The German’s need to dictate the pit-wall from the cockpit, often adds more work to his existing job of driving. His lack of trust on tactical calls has started to gleam in his team-radio, which is a problem he did not have at Red Bull Racing or Hamilton have at Mercedes. Often the job is easier when a driver can trust his team on strategy, it becomes easier for him focus on the job which is to drive and make the best of the machinery he has at hand.
Mercedes on the other hand give Hamilton the confidence to trust them with tactical or strategic calls, which makes the Briton’s job easier, and at weaker tracks has helped the Briton clinch wins. The Silver Arrows did make some strategy errors at the start of the season; however they have also improved their slow corner performance after races like Hungary, and it has been a massive turnaround for them. Apart from Vettel’s own errors the team’s error on Saturday, at a track where they could have clearly dominated, and has only helped Mercedes and Hamilton. At the Singapore GP, seventy percent of the times, the pole sitter has gone on to win the race, so Saturday was critical.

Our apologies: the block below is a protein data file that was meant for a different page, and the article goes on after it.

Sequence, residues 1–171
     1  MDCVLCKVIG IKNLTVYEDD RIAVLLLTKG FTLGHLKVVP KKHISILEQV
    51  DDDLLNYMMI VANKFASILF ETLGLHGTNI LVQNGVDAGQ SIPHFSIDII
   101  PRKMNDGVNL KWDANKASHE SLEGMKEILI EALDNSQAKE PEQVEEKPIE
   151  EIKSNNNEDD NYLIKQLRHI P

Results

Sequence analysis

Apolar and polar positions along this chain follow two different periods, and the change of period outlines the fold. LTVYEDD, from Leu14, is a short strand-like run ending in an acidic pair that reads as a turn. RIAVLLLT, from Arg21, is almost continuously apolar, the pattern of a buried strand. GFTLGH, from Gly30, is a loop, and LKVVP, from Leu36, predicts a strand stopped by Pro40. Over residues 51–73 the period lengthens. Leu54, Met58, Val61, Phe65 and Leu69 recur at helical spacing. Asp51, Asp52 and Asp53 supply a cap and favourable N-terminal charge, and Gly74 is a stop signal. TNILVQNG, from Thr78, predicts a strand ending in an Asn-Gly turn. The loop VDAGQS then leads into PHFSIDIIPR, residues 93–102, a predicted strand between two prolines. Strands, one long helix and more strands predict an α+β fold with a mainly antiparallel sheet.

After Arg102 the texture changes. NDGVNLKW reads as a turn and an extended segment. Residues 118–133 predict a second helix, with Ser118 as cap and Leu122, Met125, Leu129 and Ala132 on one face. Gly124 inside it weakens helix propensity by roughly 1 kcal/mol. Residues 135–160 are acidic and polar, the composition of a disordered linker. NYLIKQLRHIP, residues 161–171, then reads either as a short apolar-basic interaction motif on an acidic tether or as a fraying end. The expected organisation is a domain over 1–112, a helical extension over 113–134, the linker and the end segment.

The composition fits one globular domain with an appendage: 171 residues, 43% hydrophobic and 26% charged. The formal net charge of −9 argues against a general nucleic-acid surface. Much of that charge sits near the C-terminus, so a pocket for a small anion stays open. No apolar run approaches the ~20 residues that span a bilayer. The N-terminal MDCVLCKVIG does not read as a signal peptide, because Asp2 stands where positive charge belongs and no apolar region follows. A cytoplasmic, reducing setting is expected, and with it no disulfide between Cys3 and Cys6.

With six races to go Hamilton doesn’t just have the points advantage over Vettel but also the psychological advantage. For the Maranello squad however it is going to be a few tense race weekends ahead, with the need of putting in an ‘All or Nothing’ policy in place, with minimal room for tactical errors.
The current outcome has Hamilton leading the Drivers’ championship with a total of 281 points, followed by Vettel in second place with a total of 241 points, and Raikkonen in third place with a total of 174 points. In the midfield, Hulkenberg leads the B-Championship with 53 points, but Alonso trails closely with a total of 50 points. For the double world champion, that will be equivalent to clinching a title before he leaves the sport at the end of the year.
Overall this Singapore race wasn’t the most exciting one, apart from it living put to its safety car record but was well attended in comparison to its last edition which had more drama and was a turned table in the drivers’ title. The next race in Russia will be held at the Sochi International circuit, with the race weekend spanning from September 28-30, 2018. With cooler temperatures than usual, the race will be a decider for the title, and an exciting one to look forward to.